My first impression of Sweden was that it was a bit 'boring' from a couple of years ago, when we took a 30-minute train ride across the Oresund Bridge from Copenhagen, Denmark to Malmo. I have to say, the main reason for our visit was that my brother and I have our own targets for "countries visited" to achieve (transit stops don't count and Wales, England and Scotland count as three countries, thanks). My new job made me think of Sweden differently, especially after my latest work trip to Stockholm.
Having spent all of my adulthood so far in London, one of the busiest cities in the world, Stockholm felt like a yoga retreat. On a Tuesday evening, after I finished work at my 'temporary office' near the city centre (with a whole three other colleagues in the building), I went for a wander, crossing a bridge or two, and walked over the cobbled streets into 'Gamla Stan' i.e. the Old Town.
The first thing I did was buy a magnet of a colourful building in Stortorget, the main square in Gamla Stan. I noticed that apart from review websites like Tripadvisor, another quick way to find out 'what you should see' on your trip is to visit souvenir shops. They usually have all the famous tourist landmarks on plates, bottle openers, magnets, bags and snow globes, all freshly made in... China. I still buy them.
TOP 5 FACTS ABOUT STOCKHOLM
1. Nobel Prizes in Sciences, Literature and Economic Sciences are awarded in the Stockholm City Hall
2. Stockholm is the 14th richest city in the world
3. The famous pop group ABBA was formed in Stockholm in 1972
4. Stockholm is made of 14 islands and 57 bridges
5. Stockholm has one of the largest archipelagos (series of islands) in the Baltic sea.
The first thing I noticed about almost every other person I spoke to in Stockholm (excuse the stereotyping), was their piercing blue eyes. I don't think I have seen so many pairs of beautiful blue eyes in the space of three days. Apart from trying to stop myself from being the creepy little Indian girl who keeps staring, I also admired how good everyone's spoken English is. Swedes have one of the longest life expectancies, probably due to their relaxed and healthy lifestyle, focus on quality over quality food and just the lack of too many people to stress them out.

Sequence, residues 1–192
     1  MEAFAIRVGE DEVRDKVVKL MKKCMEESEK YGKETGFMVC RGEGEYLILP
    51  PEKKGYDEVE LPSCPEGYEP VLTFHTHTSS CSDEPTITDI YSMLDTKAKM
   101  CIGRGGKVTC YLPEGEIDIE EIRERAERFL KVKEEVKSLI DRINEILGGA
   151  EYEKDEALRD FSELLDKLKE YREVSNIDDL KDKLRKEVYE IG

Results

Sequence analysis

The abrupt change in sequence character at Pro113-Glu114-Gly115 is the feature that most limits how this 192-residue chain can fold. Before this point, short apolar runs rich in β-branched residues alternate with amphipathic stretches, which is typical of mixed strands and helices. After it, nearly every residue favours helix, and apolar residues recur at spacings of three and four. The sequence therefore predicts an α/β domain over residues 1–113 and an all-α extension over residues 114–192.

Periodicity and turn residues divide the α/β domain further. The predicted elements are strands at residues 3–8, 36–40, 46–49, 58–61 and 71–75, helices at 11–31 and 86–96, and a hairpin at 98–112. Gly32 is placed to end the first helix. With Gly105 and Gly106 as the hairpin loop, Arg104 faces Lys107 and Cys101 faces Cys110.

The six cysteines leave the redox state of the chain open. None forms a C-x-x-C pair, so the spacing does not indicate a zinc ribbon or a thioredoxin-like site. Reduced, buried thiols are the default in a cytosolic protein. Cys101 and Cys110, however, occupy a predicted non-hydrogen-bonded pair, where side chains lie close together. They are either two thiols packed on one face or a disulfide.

There's no question about the fact that the Nordic countries are expensive to visit, even more than London. A beer is around GBP 8 (94 SEK, Swedish Krona) and at lunch time, it is normal to spend around 170 SEK (GBP 15) on a plate of Sushi (compared to GBP 4 for a beer and GBP 6-10 for lunch in the City of London). However, once you get over that, you will appreciate the quality of the food, especially the Salmon from it's neighbouring country, Norway. The salmon I had was probably the best I have ever had.
One evening, I acted like a traitor in Sweden and had Spanish food for dinner at The Hairy Pig, which was perfect with it's dim lights, wooden tables and cosy ambience. Delicious tapas style food and local red wine gave me some entertainment and energy to walk back to the hotel.
But as I had nothing better to do for the rest of the evening, I took a detour and walked to the end of Gamla Stan and sat in silence next to some ships, with not one living creature in sight (picture the typical wallpaper on a meditation app - this is what I was looking at in real life). I walked across one of the bridges to the island where The City Hall is, the 106-meter tall tower with three golden crowns at the top of the spire. I ventured into the building, apparently made with eight million bricks (I don't know why anyone would count... I don't know how many bricks a normal building would have either). It's certainly I nice place to wander into and walk near the water banks during and after sunset.
I have already gone on about how nice Gamla Stan is, by foot. However, with more time and budget there's a lot more to see in Stockholm, whether you do this with a 30-minute flight on FlyOver or via a boat trip along a big part of the 60km archipelago, with prices ranging from 1500 to 2500 SEK (GBP 120 - 220). I didn't have much time to see many of the other architectural sites that the city has to offer, such as the Royal Opera House and The Great Synagogue, but as long as I pass my probation, I should be coming back to Stockholm, gladly.